Tag Archives: Rainbow Substation

This Week In Photos: July 5

1978

Sherri Bilenduke smiles during the Pemberton parade on July 1st.

Workers (currently on a break) sweat under the sun at the scene of the new Hydro substation expansion project. Some locals are involved.

The BC Rail bridge over the Fitzsimmons Creek showing how the gravel buildup has drastically reduced the space between the water & the bridge.

1980

The Valleau Logging Truck float rounds the bend carrying the new Miss Pemberton, Kristi King.

Ron Jensen and Larry Packer pause before continuing their Utah to Alaska bike or two years on the road, whichever comes first. Malmute huskies carry their own food and water.

(L to R) John Derby, Andrew Nasedkin and Jeff Stern enjoy the Toni Sailer Summer Ski Camp now in progress.

(L to R) Narumi Kimura, Al Karaki and Masahito Tsunokai stand beside the Subaru-donated vehicle for their use while they train in Canada for the FIS freestyle circuit.

Sid Young hoists one of his 120 East Coast lobsters he had airlifted in for his summer party. Each one of the crustaceans weighed near 1.5 pounds.

Too many trucks and cars parked in “no parking” areas means no clear sightlines for drivers trying to enter Highway 99 from Lake Placid Rd.

1981

Picnic site at Daisy Lake – soon to be one of the many recreational facilities closed by the provincial government.

The sunworshippers poured out of the shadows and onto the wharf of Lost Lake on July 5 to enjoy a bit of Old Sol, whom some believe to be on the endangered species list.

Diver leaps from “swinging tree” at Lost Lake.

Paving helps smooth things out in the Village entrance.

Florence Corrigan, Whistler’s new pharmacist.

Looking like the stark rib cage of a whale, the support beams to the roof of the Resort Centre are put in place.

Stuart McNeill and 16 of his sunny students take to the shade on the first day of Camp Rainshine. McNeill is assisting Susie McCance in supervising the program.

The first Miss Bikini of Whistler, Keli Johnston, 19, of Whistler won herself a crisp $100 bill in the Mountain House’s first bikini contest held July 6.

1982

Alta Lake hosted the District 11 Windsurfing Championships over the weekend. First overall went to Thierry Damilano.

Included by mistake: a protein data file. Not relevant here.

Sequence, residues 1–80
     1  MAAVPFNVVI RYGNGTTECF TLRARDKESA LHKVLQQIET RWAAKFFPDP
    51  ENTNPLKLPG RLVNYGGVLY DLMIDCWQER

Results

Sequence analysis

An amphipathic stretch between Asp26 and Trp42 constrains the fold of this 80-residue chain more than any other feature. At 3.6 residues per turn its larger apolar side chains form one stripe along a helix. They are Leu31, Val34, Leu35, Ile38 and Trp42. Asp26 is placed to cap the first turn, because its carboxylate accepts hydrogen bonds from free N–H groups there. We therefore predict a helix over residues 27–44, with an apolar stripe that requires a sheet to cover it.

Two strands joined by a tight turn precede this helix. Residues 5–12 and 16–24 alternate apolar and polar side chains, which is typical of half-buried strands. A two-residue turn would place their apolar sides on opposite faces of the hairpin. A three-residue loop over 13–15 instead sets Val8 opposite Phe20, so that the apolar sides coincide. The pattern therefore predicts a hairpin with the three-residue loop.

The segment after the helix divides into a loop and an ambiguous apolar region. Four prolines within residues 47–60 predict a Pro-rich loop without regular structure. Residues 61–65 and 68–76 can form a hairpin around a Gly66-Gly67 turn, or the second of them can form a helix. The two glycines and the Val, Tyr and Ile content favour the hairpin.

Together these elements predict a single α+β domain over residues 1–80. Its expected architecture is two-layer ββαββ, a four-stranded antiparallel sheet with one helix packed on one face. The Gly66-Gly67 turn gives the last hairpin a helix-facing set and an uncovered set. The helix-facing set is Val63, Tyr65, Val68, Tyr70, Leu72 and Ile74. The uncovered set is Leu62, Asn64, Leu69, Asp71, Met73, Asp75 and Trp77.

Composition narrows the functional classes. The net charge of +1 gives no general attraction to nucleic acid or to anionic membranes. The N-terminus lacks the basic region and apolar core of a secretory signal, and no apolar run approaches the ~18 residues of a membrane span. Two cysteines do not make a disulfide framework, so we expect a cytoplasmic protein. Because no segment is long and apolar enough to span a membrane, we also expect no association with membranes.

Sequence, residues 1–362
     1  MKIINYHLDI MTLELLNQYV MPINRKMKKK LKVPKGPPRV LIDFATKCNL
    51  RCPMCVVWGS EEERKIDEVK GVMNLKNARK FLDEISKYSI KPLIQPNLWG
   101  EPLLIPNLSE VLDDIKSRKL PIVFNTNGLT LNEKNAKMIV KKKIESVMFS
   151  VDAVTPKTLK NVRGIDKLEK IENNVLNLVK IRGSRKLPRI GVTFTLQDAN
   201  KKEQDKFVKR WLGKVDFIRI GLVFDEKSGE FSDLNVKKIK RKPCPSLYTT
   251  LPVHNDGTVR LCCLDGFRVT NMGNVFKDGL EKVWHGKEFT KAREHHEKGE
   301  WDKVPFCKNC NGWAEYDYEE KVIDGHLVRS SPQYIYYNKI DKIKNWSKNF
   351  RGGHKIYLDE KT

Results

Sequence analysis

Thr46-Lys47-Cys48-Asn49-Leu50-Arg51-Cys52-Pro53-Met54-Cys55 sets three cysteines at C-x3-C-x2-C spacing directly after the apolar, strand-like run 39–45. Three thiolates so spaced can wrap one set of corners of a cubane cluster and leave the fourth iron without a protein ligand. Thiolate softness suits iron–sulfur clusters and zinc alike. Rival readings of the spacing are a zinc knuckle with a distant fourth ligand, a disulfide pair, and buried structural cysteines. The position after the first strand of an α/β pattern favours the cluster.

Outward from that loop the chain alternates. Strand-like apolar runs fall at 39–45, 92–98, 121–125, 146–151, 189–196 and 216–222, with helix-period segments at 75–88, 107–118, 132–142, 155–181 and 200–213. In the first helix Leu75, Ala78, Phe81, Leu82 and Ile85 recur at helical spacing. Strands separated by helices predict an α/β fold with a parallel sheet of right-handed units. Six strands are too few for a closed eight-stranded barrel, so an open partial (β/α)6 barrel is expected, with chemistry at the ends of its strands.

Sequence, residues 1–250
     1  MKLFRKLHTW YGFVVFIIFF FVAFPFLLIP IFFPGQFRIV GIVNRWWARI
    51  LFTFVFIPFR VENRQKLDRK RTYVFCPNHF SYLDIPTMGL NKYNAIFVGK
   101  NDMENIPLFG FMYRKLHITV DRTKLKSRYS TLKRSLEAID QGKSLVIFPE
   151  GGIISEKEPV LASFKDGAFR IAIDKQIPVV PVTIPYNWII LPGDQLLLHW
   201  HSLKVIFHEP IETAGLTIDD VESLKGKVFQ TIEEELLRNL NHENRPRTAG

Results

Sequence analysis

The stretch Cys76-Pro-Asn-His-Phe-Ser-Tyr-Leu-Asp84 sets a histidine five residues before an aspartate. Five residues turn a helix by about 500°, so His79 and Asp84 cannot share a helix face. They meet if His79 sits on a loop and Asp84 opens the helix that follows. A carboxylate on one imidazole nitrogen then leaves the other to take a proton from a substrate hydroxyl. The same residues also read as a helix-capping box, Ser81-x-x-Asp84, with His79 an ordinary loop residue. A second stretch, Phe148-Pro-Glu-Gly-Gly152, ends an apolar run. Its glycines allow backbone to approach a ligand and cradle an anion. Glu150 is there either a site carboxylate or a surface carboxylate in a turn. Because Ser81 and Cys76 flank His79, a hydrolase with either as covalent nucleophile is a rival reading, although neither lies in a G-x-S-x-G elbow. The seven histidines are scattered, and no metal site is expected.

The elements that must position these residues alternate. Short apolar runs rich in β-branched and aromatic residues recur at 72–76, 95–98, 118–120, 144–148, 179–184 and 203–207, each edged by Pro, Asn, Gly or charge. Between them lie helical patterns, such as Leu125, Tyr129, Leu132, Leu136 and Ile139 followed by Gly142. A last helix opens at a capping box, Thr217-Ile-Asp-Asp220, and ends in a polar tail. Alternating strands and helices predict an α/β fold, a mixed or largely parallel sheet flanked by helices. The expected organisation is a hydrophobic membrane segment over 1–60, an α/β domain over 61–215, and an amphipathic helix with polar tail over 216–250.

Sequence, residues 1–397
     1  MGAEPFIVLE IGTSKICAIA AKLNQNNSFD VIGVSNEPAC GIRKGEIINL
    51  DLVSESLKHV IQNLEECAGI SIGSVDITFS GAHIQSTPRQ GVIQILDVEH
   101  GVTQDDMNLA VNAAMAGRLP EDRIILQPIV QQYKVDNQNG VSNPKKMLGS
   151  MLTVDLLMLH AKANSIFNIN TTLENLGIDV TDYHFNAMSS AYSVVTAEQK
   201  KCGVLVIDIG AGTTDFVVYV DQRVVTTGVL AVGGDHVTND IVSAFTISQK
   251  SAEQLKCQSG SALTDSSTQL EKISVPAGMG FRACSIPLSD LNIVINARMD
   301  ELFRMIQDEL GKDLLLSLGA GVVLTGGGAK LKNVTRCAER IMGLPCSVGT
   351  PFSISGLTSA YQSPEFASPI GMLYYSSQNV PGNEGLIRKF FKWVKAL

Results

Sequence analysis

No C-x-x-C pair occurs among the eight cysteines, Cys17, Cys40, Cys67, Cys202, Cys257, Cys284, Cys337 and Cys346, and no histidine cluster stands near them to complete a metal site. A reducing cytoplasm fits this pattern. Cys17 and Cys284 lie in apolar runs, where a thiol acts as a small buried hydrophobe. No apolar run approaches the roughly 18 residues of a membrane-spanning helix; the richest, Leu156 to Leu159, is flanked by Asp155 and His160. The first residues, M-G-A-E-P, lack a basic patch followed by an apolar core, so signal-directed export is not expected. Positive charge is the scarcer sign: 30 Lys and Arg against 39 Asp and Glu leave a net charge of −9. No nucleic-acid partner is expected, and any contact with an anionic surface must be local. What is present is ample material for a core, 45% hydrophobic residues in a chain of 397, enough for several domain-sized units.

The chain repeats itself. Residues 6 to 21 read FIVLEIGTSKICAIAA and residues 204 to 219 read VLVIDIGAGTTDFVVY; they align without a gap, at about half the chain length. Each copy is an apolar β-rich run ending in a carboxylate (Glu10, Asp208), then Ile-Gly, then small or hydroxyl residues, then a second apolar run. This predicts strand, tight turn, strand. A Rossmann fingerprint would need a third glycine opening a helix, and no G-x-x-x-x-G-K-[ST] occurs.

Strike up the band and pedal a brightly-decorated bike for Canada Day! These kids were only too eager to parade their creations around Village Square July 1.

Wow! Eyes agog, patient cake lovers were distracted for but a split second by a passing batch of bright-coloured balloons at Canada’s birthday party. The wait in line proved well worth it.

A birthday party deserves lots of bright colours and fun, and these kids weren’t disappointed by the Happy Birthday Canada celebrations held July 1 in Village Square. Const. Brian Snowden in full dress uniform gave Willie Whistler a hand passing out balloons.

Any explanation of this photograph would be greatly appreciated.

1984

Whistler Mountain’s Village Chair is now open for rides aloft for picnics and sightseeing. The chair opened Saturday, and will be running Thrusday to Monday, 11 am until 3 pm all summer.

Mountain bike racers competed Sunday and Monday in a pair of contests around the valley.

Tony Tyler and Linda Stefan, along with the invaluable help of Willie Whistler, drew the names of two lucky North Shore Community Credit Union customers Tuesday morning. Winners of the credit union’s opening draw are Fred Lockwood and Heather McInnis, both of Whistler. Lockwood receives a dual mountain ski pass and McInnis a summer’s windsurfing.

Canada’s birthday didn’t go unnoticed in Whistler, where a Maple Leaf cake baked by The Chef & Baker was distributed after birthday celebrations. RCMP Constable Rocky Fortin managed to take a moment away from posing for tourists’ snapshots in his full dress uniform and cut the cake.

It’s not just what you make, it’s how you make it! Winner of showmanship laurels for Sunday’s chili cook-off went to the Medics, whose chili didn’t go down well with the judges, but at least stayed down.

Winning team (The Gambling Gourmet) consisting of (l to r) Ted Nebbeling, judge Dean Hill, Wendy Meredith, Sue Howard, judge Phil Reimer, Val Lang.

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This Week In Photos: June 21

This week in the 1980s was apparently all about the kids of Whistler, with the majority of the photos having to do with the Myrtle Philip School sports day, ballet recitals and the Whistler Children’s Art Festival.

1980

Refuse lies scattered all over the Rainbow substation bin site as a result of crows, people and bears. Council has promised to put a compactor in this location.

The buildings and chairlifts on Blackcomb begin to take shape. The mountain is set to open for skiing this winter.